Note to users. If you're seeing this message, it means that your browser cannot find this page's style/presentation instructions -- or possibly that you are using a browser that does not support current Web standards. Find out more about why this message is appearing, and what you can do to make your experience of our site the best it can be.


Sci. Signal., 3 February 2009
Vol. 2, Issue 56, p. ec37
[DOI: 10.1126/scisignal.256ec37]


Neurobiology To Swarm or Not to Swarm?

Andrew M. Sugden

Science, AAAS, Cambridge CB2 1LQ, UK

In desert locusts, the radical transformation from a harmless "solitarious" form to the swarm-forming "gregarious" phase is one of the most extraordinary and iconic examples of density-dependent phenotypic plasticity in nature, as well as one of the most economically devastating. Now Anstey et al. (see the Perspective by Stevenson) reveal a neurochemical mechanism linking the changed behavior of individuals to profound changes in population structure, which, in this instance, lead to swarming and mass migration. The key to the phenotypic change is the ubiquitous neurotransmitter serotonin, which is synthesized in response to multiple sensory cues that gauge locust population density, switching locusts from mutual aversion to mutual attraction—the first and essential stage in establishing swarms.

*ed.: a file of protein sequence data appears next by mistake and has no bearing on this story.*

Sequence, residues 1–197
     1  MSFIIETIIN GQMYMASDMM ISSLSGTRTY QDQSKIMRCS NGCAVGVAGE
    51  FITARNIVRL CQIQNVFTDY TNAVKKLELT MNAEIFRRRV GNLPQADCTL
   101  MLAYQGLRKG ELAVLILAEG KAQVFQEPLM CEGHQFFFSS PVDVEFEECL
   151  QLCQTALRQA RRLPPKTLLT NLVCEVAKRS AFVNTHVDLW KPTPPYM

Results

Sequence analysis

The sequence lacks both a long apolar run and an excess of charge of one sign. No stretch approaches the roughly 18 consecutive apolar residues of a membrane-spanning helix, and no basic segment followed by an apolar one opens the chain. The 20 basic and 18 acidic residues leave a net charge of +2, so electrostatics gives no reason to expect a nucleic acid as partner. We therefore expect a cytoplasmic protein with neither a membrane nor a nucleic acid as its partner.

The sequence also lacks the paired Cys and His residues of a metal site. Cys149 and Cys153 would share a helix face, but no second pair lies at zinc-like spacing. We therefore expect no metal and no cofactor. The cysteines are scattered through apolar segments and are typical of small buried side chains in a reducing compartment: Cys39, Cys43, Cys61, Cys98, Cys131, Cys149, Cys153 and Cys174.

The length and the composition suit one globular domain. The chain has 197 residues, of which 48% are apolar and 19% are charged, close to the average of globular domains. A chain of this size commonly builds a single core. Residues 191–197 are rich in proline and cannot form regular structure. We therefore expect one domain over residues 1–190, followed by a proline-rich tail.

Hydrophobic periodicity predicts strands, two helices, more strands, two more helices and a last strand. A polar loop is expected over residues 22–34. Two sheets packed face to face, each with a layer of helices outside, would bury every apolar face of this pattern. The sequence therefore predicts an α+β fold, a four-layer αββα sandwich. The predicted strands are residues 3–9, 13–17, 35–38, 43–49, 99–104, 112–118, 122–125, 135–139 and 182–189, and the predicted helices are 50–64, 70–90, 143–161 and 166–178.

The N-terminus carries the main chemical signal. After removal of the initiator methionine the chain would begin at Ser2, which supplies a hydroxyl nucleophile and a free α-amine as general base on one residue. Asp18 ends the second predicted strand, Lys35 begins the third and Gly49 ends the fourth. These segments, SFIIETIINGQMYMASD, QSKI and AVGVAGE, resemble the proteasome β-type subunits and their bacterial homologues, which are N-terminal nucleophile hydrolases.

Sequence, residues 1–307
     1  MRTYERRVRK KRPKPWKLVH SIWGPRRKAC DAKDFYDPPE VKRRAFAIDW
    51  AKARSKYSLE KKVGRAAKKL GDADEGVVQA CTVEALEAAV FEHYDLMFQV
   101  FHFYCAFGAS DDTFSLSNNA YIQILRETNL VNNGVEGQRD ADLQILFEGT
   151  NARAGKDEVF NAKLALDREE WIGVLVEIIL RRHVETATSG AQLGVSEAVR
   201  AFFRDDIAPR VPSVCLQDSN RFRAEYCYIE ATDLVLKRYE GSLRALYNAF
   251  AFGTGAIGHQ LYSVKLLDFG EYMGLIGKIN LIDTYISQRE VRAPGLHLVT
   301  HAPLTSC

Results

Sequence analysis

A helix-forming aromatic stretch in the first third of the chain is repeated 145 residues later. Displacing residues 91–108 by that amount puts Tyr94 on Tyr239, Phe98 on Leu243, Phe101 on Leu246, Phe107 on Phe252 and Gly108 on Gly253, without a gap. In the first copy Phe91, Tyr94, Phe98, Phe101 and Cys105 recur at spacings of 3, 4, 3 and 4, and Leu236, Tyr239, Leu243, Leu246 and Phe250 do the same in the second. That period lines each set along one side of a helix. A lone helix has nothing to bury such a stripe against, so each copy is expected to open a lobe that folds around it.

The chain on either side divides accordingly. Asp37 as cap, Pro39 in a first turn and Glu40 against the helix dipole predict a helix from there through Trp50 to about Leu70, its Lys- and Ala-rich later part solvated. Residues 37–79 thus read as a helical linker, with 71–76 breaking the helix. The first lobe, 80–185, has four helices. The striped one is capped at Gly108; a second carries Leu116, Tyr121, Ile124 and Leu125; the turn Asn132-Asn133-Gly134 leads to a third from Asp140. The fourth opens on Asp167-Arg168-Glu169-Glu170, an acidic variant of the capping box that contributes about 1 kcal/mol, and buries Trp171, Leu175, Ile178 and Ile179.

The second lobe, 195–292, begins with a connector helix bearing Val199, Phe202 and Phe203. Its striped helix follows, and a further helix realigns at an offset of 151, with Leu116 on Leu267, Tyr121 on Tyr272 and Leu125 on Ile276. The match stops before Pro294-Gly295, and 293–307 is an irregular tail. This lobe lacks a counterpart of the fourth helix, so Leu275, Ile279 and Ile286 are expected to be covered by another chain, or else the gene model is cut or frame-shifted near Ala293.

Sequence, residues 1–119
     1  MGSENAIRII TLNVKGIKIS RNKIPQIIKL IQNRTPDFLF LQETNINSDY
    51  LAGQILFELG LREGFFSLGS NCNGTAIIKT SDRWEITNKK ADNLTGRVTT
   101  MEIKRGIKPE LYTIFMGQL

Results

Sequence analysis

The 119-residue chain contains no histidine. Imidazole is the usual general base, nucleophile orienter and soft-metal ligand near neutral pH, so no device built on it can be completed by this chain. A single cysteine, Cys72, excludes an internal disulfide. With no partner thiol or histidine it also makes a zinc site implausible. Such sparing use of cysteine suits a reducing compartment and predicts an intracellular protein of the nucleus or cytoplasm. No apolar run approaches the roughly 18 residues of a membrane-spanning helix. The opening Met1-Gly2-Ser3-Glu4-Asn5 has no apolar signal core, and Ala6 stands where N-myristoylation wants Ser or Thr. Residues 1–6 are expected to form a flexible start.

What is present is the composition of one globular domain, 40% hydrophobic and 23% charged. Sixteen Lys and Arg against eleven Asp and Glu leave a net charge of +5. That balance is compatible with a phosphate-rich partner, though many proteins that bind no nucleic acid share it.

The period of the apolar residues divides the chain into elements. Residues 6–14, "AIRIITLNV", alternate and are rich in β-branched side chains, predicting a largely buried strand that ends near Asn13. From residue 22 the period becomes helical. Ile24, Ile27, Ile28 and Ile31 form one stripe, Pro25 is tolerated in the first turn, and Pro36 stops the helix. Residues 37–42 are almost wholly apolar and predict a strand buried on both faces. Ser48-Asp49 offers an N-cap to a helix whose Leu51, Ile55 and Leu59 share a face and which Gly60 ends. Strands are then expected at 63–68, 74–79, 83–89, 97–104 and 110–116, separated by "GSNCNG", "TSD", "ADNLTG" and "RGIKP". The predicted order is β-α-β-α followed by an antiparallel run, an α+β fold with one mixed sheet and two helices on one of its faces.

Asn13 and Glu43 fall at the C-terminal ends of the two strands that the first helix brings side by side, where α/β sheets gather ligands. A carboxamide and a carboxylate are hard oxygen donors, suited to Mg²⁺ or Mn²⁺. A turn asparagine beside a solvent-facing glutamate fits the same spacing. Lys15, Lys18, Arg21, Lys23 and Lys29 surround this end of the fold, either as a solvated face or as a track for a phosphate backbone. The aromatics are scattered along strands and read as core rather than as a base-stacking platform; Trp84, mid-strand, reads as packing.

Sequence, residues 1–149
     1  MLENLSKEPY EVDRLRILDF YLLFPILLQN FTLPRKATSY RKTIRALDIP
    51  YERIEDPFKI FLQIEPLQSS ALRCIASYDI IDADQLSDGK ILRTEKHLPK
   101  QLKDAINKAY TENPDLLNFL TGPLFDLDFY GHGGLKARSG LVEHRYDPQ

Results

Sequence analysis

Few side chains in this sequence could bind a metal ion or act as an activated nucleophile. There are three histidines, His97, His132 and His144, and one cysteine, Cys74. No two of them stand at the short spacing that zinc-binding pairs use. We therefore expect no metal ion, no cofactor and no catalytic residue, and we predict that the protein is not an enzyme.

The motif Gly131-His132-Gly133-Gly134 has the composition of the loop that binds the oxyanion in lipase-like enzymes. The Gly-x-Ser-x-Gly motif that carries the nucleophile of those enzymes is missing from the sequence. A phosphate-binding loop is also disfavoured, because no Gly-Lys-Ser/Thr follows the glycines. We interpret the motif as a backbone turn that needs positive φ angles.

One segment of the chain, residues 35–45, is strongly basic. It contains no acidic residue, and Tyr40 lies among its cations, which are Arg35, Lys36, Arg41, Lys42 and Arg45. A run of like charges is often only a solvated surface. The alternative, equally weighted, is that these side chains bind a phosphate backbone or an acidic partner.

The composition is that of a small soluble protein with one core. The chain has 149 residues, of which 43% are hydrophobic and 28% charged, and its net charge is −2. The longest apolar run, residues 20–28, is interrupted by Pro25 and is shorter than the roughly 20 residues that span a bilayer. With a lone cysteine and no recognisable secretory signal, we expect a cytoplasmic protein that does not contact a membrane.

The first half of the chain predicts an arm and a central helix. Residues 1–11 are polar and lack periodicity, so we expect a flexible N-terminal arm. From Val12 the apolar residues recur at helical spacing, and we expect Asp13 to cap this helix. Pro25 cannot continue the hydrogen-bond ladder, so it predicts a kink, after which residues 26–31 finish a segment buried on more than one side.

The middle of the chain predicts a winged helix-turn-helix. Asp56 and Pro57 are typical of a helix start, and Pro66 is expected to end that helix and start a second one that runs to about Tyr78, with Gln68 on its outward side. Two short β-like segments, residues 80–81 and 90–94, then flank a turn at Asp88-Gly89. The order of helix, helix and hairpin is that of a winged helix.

M. L. Anstey, S. M. Rogers, S. R. Ott, M. Burrows, S. J. Simpson, Serotonin mediates behavioral gregarization underlying swarm formation in desert locusts. Science 323, 627–630 (2009). [Abstract] [Full Text]

P. A. Stevenson, The key to Pandora's box. Science 323, 594–595 (2009). [Summary] [Full Text]

Citation: A. M. Sugden, To Swarm or Not to Swarm? Sci. Signal. 2, ec37 (2009).

To Advertise     Find Products

Science Signaling. ISSN 1937-9145 (online), 1945-0877 (print). Pre-2008: Science's STKE. ISSN 1525-8882